Retired firefighters sue township over benefits

December 1, 2017

A group of Bloomfield Township retirees, upset about a change to their health care benefits, sued Bloomfield Township on the basis that it violated their collective bargaining agreement promising lifetime benefits at a certain level.

 

Attorney Heather Cummings, of Cummings & Cummings Law Group PLLC in Royal Oak, represented retired township firefighters Steve Kuzmanovich, Jeffrey Callahan, Gary Treuter, Rick Foreman, James Raetzke, Robert Bartley and Karen Koval, in Oakland County Circuit Court in front of Judge Daniel O’Brien against Bloomfield Township, on Wednesday, November 29, for oral arguments. John Clark of Giarmarco, Mullins & Horton PC of Troy represented the township.

 

In March 2017, long-term retirees in Bloomfield Township were notified of changes to their health care benefits to match the health care policy current employees and retirees since 2011 receive. At a board of trustees meeting, township supervisor Leo Savoie explained that the township held an open meeting for all retirees and their families, that it is part of a health savings account, a tax-advantaged medical savings account that may have a higher deductible. He said the township promised them health care benefits, but that to be fiscally responsible to all taxpayers, some changes had to be made.

 

Savoie said that as more employees retiree, “there is a tsunami of health care changes coming,” including at the state level, with the governor creating a tax force to look into it. “There’s a good chance legislation is coming back, where both employees and retirees will have to pay 20  percent of their health care.”

 

In Bloomfield Township, the changes made have allowed them to put aside millions of dollars into the Voluntary Employee Beneficiary Association (VEBA) account. “We will continue to be a pay as you go account, and continue to put aside funds, so 30 to 40 years from now, we’ll have $30 to $40 million in VEBA. At no time will retiree health care be less than (what it is) for active employees,” Savoie said. “At the end of the day, HRA health care is a good plan.”

 

“The change to that retiree health care plan is just that – a change,” noted clerk Jan Roncelli at the March meeting. “You need to give it a chance to see how it works. It allows us to sustain the legacy for lifetime to retirees. The cost for a family is almost double what the cost was – and that’s $160,000 a year to the township.”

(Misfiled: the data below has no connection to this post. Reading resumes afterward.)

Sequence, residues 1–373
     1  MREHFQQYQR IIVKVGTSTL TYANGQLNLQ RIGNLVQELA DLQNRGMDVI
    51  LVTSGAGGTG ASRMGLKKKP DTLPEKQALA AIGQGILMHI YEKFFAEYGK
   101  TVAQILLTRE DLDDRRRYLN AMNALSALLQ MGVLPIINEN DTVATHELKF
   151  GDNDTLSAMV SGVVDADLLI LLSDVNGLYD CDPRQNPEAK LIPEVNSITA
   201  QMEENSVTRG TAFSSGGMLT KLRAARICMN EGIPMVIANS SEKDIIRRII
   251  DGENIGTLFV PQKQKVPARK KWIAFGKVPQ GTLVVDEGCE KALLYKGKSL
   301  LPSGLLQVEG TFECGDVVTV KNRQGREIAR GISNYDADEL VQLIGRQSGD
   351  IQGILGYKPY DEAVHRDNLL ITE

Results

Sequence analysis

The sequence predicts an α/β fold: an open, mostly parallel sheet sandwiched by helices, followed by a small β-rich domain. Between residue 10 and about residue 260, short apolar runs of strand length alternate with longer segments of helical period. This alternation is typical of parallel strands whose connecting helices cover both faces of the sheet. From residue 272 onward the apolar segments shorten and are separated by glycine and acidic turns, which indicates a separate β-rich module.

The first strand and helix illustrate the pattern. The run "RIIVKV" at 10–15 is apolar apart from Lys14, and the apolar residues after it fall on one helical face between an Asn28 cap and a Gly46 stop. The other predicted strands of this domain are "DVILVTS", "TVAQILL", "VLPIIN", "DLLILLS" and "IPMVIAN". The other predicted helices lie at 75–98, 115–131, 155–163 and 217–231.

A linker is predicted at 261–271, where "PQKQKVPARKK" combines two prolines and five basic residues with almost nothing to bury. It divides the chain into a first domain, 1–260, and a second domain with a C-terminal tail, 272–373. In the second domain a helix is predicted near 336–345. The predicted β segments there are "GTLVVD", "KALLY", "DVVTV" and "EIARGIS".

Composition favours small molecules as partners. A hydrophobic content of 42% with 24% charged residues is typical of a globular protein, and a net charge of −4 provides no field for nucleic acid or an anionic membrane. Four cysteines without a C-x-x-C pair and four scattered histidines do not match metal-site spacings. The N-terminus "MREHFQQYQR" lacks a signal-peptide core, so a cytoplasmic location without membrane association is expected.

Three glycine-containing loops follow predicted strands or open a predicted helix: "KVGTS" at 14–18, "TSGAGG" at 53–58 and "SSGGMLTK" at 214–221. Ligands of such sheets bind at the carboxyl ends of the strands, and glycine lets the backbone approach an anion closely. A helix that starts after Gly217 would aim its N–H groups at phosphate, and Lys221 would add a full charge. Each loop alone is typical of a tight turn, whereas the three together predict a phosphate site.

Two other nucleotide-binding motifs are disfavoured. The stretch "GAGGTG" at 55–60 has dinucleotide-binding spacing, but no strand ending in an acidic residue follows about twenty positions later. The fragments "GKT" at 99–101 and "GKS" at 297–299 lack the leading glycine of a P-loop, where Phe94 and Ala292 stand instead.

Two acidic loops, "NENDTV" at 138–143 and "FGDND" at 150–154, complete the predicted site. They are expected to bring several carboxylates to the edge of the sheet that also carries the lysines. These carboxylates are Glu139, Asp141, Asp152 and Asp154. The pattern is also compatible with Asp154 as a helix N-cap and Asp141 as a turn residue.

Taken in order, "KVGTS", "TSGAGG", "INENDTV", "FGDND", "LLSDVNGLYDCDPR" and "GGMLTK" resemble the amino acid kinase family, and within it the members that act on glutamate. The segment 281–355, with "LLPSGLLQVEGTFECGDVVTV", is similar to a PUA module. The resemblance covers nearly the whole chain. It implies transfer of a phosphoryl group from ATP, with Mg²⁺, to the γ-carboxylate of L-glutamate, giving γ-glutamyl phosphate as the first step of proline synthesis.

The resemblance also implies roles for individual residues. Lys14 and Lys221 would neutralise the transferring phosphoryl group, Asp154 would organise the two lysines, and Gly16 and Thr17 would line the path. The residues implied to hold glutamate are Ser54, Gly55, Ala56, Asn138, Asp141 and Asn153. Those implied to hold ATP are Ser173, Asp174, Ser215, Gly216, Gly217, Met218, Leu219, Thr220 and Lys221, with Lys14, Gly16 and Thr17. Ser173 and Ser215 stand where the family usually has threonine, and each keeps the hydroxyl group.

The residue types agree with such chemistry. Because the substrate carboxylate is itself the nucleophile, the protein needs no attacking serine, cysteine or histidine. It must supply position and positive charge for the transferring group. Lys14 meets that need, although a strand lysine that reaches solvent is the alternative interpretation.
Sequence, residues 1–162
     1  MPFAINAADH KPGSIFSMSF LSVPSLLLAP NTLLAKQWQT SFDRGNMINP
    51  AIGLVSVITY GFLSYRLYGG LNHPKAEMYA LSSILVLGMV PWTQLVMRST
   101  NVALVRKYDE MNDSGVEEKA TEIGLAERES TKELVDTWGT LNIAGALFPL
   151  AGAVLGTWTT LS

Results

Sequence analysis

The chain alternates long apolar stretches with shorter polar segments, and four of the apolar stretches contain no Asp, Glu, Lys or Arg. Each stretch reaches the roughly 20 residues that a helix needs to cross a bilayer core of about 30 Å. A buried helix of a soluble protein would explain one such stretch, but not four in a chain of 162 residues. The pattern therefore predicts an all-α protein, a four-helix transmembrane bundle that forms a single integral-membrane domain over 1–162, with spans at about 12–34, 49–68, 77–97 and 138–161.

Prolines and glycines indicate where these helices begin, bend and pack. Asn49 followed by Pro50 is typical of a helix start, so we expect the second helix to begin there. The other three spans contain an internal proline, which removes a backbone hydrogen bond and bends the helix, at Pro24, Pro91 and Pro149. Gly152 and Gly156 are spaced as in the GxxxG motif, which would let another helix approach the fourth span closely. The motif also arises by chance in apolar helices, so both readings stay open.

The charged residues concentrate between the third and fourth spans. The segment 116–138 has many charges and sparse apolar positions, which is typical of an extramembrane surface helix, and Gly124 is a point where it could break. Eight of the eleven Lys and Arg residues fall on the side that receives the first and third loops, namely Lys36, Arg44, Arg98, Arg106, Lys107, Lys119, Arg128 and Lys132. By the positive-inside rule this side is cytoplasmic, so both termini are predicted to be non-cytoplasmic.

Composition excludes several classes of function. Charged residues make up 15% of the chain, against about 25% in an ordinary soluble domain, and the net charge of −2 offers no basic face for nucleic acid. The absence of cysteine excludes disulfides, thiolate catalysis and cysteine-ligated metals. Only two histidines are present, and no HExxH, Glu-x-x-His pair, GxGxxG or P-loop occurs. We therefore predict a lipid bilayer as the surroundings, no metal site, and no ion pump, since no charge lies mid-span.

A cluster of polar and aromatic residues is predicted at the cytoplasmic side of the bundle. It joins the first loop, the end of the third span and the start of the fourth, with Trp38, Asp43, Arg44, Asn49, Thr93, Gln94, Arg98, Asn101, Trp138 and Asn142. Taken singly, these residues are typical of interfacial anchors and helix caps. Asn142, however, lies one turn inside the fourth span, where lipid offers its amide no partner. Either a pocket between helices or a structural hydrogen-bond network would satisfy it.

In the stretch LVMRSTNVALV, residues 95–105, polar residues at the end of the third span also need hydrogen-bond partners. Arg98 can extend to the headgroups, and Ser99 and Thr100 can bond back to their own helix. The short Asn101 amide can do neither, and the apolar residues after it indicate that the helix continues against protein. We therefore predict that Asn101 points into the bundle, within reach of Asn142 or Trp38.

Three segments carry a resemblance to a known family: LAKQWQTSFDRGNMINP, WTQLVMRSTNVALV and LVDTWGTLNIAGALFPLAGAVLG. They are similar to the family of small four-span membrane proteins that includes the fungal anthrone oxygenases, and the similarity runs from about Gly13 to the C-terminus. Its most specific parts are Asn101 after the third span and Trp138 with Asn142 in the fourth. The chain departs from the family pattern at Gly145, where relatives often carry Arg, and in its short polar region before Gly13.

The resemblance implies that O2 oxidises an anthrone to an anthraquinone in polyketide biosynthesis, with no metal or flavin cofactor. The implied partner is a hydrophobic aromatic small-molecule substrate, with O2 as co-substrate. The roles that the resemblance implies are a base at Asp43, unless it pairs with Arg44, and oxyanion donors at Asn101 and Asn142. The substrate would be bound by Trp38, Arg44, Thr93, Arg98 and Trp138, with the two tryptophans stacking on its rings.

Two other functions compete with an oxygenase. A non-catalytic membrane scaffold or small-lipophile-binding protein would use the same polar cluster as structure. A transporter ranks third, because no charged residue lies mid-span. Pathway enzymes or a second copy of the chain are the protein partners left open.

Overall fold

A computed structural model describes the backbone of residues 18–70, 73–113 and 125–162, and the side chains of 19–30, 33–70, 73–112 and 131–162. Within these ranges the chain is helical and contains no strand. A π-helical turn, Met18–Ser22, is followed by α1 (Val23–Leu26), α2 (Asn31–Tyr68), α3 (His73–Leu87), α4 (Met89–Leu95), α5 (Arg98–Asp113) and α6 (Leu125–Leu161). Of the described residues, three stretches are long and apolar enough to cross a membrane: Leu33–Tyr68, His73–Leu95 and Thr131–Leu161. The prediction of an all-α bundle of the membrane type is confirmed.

“Our relationship with employees and retirees is sacrosanct,” treasurer Brian Kepes said at the time. “But $160,000 a year for six or seven years – that’s $1 million that’s being put into a savings account for retirees. It will only grow to make sure commitment will be honored. I think it’s the right thing to do, and it’s something we have to do. We’re taking the savings and putting it right back into the VEBA plan.”

 

However, some retirees were angry at the changes, feeling they were being short-changed from their promised benefits. 

 

“They forced these guys into an HRA plan in violation of their collective bargaining agreement,” Cummings said.

 

In her filing, Cummings said that “CBAs...guarantee a vested right to lifetime healthcare benefits to all union members who are eligible for a pension and their surviving spouses. Specifically, retirees are entitled to the same healthcare benefits in force at their retirement. In other words, when a firefighter retires, she continues receiving the healthcare benefits she was receiving while an active employee in the township.”

 

Clark is seeking summary disposition of the suit, stating in his defense motion that the plaintiffs’ position is “contrary to the language of CBAs and state law.

 

The hearing on the motion to dismiss will be held sometime in late January or early February.

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